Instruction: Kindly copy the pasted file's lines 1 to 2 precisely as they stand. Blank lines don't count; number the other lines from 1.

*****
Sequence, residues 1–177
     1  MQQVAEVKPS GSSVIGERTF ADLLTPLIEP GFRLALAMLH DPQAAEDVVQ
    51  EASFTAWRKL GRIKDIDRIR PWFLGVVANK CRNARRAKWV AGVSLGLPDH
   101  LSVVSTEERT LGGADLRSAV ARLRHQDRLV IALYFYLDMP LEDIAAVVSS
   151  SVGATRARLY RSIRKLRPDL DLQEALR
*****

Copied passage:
Sequence, residues 1–177
     1  MQQVAEVKPS GSSVIGERTF ADLLTPLIEP GFRLALAMLH DPQAAEDVVQ